Ancient Monuments

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Ash Keys, enclosure and possible moated homestead 420m WSW of

A Scheduled Monument in Strathallan, Perth and Kinross

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Latitude: 56.3129 / 56°18'46"N

Longitude: -3.677 / 3°40'37"W

OS Eastings: 296359

OS Northings: 714654

OS Grid: NN963146

Mapcode National: GBR 1P.67WM

Mapcode Global: WH5PH.HL99

Entry Name: Ash Keys, enclosure and possible moated homestead 420m WSW of

Scheduled Date: 11 December 2002

Source: Historic Environment Scotland

Source ID: SM9540

Schedule Class: Cultural

Category: Secular: homestead moat

Location: Auchterarder

County: Perth and Kinross

Electoral Ward: Strathallan

Traditional County: Perthshire


The monument comprises a substantial rectilinear enclosure of probable medieval date, tentatively interpreted as a moated homestead. The site is visible as a cropmark on oblique aerial photographs and lies in arable farmland at about 45m OD, some 420m WSW of Ash Keys.

The cropmark shows a rectilinear enclosure measuring some 90m ENE-WSW by 60m transversely, defined by a ditch about 2m wide on the SW, S and NE sides, and by a broad ditch some 4.5m wide on the N side. An entrance gap is apparent in the NE half of the northern ditch. A second broad ditch runs SSE from the N ditch and appears to sub-divide the enclosure into two compartments, with an entrance present through the northern half of this sub-dividing ditch. A small rectilinear feature is visible immediately S of the northern ditch.

Another rectilinear cropmark is present within the NE corner of the enclosure and a possible second is visible within the western compartment. These features appear to be more slightly built and may represent the footprints of internal buildings. At least two circular features are also visible within the interior of the enclosure. The cropmark of a field boundary, present on the First Edition Ordnance Survey map, is visible on the southern side of the enclosure.

The monument sits in an E-W aligned hollow with higher ground to the S and N. It lies close to an open burn flowing northwards and there is a suspicion that a second burn may have been culverted (to create one larger field) and which may have fed the S moat. The natural hollow appears to be wetter than the surrounding land, which might indicate a high potential for waterlogged deposits to survive in the ditches.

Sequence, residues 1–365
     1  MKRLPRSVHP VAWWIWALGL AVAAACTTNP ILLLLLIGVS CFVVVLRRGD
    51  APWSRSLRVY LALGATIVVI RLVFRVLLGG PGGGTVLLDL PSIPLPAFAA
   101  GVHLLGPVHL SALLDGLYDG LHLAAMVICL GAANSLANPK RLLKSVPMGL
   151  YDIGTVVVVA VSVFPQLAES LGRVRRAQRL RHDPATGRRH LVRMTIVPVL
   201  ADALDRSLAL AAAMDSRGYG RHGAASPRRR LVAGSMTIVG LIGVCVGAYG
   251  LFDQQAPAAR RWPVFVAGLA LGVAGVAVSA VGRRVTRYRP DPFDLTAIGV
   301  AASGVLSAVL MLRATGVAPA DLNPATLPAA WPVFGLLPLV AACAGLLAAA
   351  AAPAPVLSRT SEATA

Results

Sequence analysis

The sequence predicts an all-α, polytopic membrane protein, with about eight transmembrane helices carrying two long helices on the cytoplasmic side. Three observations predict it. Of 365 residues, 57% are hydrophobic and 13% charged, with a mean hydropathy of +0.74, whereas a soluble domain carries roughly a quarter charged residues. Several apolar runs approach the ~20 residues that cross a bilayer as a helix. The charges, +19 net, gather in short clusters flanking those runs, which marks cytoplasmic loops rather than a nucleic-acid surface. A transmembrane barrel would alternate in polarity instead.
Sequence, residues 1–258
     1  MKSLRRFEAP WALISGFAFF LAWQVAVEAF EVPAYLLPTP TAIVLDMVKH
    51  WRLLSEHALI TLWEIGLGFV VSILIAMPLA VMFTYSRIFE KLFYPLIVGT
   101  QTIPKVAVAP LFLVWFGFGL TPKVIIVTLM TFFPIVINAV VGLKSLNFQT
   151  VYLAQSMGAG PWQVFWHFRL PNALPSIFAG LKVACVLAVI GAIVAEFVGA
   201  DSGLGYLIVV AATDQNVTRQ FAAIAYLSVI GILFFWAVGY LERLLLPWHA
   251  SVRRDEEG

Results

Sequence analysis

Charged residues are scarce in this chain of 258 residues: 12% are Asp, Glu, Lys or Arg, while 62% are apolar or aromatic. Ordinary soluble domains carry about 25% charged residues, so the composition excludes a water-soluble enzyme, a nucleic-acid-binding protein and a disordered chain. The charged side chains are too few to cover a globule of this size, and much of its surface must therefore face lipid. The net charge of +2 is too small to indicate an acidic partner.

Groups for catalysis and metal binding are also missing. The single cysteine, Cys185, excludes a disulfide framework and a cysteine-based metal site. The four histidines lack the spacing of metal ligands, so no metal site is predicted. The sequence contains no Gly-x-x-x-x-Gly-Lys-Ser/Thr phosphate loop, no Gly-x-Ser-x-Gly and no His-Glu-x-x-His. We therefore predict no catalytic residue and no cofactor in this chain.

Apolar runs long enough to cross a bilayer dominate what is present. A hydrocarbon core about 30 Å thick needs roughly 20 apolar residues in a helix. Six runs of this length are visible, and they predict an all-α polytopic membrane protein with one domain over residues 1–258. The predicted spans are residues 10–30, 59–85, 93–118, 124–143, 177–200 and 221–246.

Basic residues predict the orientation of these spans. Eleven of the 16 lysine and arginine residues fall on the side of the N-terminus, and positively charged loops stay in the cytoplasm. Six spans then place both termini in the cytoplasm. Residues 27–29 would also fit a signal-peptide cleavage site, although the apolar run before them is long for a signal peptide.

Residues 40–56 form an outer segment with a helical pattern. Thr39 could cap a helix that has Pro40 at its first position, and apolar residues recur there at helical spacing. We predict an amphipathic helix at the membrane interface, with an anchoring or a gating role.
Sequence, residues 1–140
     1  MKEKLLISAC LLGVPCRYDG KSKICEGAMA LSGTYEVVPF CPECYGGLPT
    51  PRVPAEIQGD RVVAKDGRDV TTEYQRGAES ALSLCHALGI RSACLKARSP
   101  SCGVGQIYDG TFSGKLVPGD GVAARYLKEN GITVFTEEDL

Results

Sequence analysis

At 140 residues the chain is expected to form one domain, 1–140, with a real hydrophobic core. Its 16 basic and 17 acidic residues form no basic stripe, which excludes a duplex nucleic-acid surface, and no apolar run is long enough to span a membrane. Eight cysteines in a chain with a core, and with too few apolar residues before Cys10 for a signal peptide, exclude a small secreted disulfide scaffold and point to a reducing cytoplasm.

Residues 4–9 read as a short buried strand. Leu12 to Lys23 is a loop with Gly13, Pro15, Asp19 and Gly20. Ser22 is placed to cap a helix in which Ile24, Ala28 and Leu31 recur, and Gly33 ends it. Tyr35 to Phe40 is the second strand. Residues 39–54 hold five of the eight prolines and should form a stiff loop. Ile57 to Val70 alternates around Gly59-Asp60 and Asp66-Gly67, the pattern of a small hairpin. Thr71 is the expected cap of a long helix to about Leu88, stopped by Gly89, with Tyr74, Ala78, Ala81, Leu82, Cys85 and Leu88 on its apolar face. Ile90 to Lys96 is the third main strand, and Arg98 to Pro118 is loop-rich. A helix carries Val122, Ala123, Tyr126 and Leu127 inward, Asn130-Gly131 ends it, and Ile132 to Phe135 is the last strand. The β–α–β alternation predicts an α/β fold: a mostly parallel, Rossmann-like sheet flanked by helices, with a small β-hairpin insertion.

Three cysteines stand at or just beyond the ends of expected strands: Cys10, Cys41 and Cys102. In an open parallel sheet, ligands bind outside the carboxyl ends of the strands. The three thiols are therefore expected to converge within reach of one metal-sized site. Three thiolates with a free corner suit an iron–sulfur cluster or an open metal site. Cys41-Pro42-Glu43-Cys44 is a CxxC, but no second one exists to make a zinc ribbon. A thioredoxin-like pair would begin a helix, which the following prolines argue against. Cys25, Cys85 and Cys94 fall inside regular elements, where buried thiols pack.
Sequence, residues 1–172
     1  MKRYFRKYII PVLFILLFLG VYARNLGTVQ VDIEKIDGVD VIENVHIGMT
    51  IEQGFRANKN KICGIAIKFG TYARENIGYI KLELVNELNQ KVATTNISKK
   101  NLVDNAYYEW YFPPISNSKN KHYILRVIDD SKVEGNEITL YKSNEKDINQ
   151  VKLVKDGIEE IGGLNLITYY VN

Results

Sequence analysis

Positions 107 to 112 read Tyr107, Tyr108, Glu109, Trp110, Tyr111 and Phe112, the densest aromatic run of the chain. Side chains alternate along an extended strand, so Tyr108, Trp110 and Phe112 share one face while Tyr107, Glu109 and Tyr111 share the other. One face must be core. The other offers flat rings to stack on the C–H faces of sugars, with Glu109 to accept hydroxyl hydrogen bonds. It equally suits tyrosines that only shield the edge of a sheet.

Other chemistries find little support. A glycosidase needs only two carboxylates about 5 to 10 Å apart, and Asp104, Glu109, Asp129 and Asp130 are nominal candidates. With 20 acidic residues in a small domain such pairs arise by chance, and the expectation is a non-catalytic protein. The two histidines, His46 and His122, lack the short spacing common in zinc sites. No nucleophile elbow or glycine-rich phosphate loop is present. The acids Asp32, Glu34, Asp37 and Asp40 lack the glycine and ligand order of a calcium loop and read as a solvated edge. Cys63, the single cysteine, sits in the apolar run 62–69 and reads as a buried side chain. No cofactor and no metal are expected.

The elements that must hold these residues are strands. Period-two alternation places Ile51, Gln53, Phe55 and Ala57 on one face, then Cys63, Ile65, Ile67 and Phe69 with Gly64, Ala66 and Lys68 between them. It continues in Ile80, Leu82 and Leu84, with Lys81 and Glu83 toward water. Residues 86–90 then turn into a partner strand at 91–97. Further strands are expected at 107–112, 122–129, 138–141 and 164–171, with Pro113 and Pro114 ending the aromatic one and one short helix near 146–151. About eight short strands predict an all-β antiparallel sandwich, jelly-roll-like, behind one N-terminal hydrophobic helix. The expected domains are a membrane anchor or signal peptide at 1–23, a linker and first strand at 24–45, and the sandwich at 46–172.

There is no known historical evidence for this site, although the church of Aberuthven and its lands, of which this formed a part, are known to have been granted to Inchaffray Abbey by Ferteth, Earl of Strathearn, before 1171. After the Reformation the abbey's lands were secularised as the temporal lordship of Madderty in favour of James Drummond, although the lands of Kirklands were occupied by Grahams.

The area proposed for scheduling comprises the remains described and an area around them within which related material may be expected to survive. It is sub-rectangular in shape with maximum measurements of 110m WSW-ENE by 69m NNW-ESE, as marked in red on the accompanying map.

Source: Historic Environment Scotland

Statement of Scheduling

The monument is of national importance because of its potential to contribute to an understanding of high status medieval settlement and economy. Its importance is increased by the possibility that its ditches might preserve waterlogged deposits, with a corresponding high potential for the survival of environmental evidence.

Source: Historic Environment Scotland



RCAHMS records the monument as NN 91 SE 32.

Aerial photographs used:

RCAHMS (1992) B/79195.

RCAHMS (1984) A/64642.

Map references:

Ordnance Survey (1866) First Edition Map (Perthshire) sheet CVIII, 6 inches to 1 mile.


Coleman, R. and Perry, D. (1997) 'Moated sites in Tayside and Fife', Tayside and Fife Archaeological Journal, 3, 186.

Source: Historic Environment Scotland

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